on, shedding the lifeless body to enter a new one.
• Hindu’s goal in life = reunite the atman with the
“Atman is not born, nor does he die at any time; nor,
having once come to be will he again come not to be.
He is unborn, eternal, permanent, and primeval; he is
not slain when the body is slain…
Just as a man, having cast off old garments, puts on
other, new ones, even so does the embodied one,
having cast off old bodies, take on other, new ones.
He is uncleavable, he is unburnable, he is undrenchable,
as also undryable. He is eternal, all-pervading, stable,
immovable, existing from time immemorial. “
• The totallity of one’s actions in life
• Determines the form that an individual
will take when he or she is reborn
• Accumulation of bad Karma results in
rebirth at a lower station in life or a lower
form of life (and vice versa)
Samsara and Maya
• Samsara is the endless cycle of
rebirth, or reincarnation into a
meaningless physical world (Maya),
which is temporary, changing, and
• The reuniting of the atman with the
• Liberation from the endless cycle of
4 Paths to Liberation (Moksha)
1. Bhakti Yoga (The Path of Devotion)
• Devotion and love toward a personal diety
2. Karma Yoga (the Path of Action)
• Good deeds and thoughts
3. Jnana Yoga (the Path of Wisdom)
• Gain the insight necessary to achieve
moksha by knowing the Hindu
scriptures, following a guru’s
teaching, and meditation
4. Raja Yoga (the Path of Meditation)
• Meditation (deep contemplation) on
• The story of prince Rama, worshipped by Hindus as the 7th
“avatar”, or incarnation of God Vishnu.
• Exiled to the forest for 14 years with his wife Sita and half-brother
Lakshmana, so that his half-brother Bharata could become king.
• Sita was abducted by the wicked
• A battle ensues where Rama,
assisted by Hanuman (king of the
monkeys) defeats Ravana, rescues
his wife, and returns triumphantly to
• Said to represent the constant
struggle between good and evil,
where good eventually prevails.
• Longest poem in the world (about 100000 verses)
• Compiled by several authors from 400 BCE to 400 CE
• The story of the war between two brothers and
their children: the Pandavas (who represent good),
and the Kauravas (who
• Eventually, the evil forces of the
Kauravas are defeated, and the
Pandavas rule for many years.
• Addresses the classic debate
over whether (and in what
circumstances) it is right or
wrong to go to war.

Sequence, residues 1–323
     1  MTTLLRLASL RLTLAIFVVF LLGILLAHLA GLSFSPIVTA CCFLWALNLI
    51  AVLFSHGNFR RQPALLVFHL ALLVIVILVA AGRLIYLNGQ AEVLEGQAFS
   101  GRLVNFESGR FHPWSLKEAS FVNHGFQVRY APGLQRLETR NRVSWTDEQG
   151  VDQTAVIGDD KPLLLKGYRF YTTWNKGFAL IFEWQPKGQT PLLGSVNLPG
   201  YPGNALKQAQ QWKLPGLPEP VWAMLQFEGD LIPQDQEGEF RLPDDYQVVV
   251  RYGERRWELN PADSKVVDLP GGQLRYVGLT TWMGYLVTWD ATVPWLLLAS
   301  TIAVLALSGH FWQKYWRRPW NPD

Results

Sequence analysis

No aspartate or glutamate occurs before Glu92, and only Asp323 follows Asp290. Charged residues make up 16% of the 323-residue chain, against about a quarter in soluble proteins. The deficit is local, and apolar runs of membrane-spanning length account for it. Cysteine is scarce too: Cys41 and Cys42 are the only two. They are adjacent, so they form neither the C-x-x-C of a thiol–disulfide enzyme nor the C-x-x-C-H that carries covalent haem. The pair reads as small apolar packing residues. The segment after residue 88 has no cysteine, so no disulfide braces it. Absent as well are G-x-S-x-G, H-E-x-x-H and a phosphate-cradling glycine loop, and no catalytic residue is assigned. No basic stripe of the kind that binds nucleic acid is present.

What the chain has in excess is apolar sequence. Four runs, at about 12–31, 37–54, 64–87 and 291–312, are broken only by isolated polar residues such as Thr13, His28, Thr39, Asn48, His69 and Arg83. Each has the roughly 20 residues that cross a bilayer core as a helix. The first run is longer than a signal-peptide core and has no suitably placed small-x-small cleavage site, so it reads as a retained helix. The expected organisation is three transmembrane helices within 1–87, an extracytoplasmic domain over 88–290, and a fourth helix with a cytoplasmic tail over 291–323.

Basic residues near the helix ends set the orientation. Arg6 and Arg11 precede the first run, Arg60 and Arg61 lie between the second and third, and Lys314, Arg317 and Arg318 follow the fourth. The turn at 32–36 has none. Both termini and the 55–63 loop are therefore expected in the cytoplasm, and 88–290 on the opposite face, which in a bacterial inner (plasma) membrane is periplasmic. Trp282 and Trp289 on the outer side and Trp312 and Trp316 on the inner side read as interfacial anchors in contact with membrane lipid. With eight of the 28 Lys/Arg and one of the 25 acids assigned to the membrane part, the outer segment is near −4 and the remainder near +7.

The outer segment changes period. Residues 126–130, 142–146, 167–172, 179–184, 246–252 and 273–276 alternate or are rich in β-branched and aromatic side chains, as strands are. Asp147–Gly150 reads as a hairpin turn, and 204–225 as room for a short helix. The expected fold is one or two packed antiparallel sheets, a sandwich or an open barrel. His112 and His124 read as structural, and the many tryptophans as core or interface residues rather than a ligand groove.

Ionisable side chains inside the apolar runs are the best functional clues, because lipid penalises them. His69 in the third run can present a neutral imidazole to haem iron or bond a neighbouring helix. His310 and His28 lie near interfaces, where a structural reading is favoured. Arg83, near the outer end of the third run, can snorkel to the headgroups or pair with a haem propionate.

(The Laws of Manu)
• A legal document of 2600 verses affirming
the Hindu concepts of dharma, caste, and
the four aims of life.
• Referred to for legal guidance on matters
involving family property, inheritance, marriage,
adoption, and guardianship.
• Dharma = Code of moral and righteous duty
• Sometimes used by Hindus to refer to their religion
(“Hindu” are “Hinduism” were terms imposed by
• Pertains to the duties and responsibilities of the
• Considered essential to the welfare of the
individual, the family, and the society.
• Two types:
1. Sanatana Dharma: universal values
2. Varnashrama Dharma: specific duties of each individual
The Caste System
• People are born into each caste according
to the karma they have accumulated in
their previous lives.
• Each caste associated with certain
occupations, goals, duties, and required
characteristics, according to The Laws of
• Today, India’s Charter of Rights bans
discrimination on the basis of gender, caste,
race, or religion.
Caste Occupations Goals Duties Required
Brahmin Priests, Knowledge, •Performance of rituals and Highly developed
religious education sacrifice intellect, discipline
teachers •Pursuit of arts, sciences,
ethics, philosophy and
Kshatriya Warriors, Political •Government Physical strength
rulers power, •Maintenance of law and and courage,
diplomacy order governing skills
•Protection from foreign
Vaishya Merchants, Wealth, •Management of wealth Management and
farmers commerce •Trade with other societies entrepreneurial
Sudra Servants, Manual skills •Service to other castes Ability to acquire
labourers particular skills
Untouchables “Unclean” Live Separately from other
occupations Castes, not considered
part of Hindu society
The 4 Aims of Life
• Dharma: conducting one’s duties with compassion toward
all beings, forbearance, absence of jealousy, purity, tranquility,
goodness, absence of cruelty, and absence of greed
• Artha: Earning money by honest means to provide for
family; acquiring wealth and power
• Kama: pursuing love and phyisical pleasures to balance
life and sanctify marriage
• Moksha: Leading the soul towards salvation through
honest and moral actions
• Describe the exploits of the deities in 36
• Each Purana begins with the name of the God
or Incarnation it glorifies.
• Mostly used by temple priests.
Three major Sects of Hinduism
• Worship Shiva as the Great Yogi
sitting in meditation on the snow-
covered Himalayan Mountains,
the destroyer and creator of the
• Practice strict fasting and
• Primary Sacred Texts:
Svetasvatara Upinshad, Shiva
Three major Sects of Hinduism
• Worship female energy
(called Shakti, Devi or
• Male deity’s strength
comes from his female
Three major Sects of Hinduism
• Worship Vishnu as the
preserver of the universe.
• Vishnu sometimes appears
in human form to restore
righteousness and order in
• 10 Avatars, or incarnations
of Vishnu (9 have taken
place, the 10th is yet to
• Primary sacred text:
The Arya Samaj Movement
• Founded by Swami Dayanand
Saraswati in North India in
• Reformed version of Hinduism
that rejected the worship of
images as symbols of the
• Teachings based on the
• Most important form of
worship = havan (fire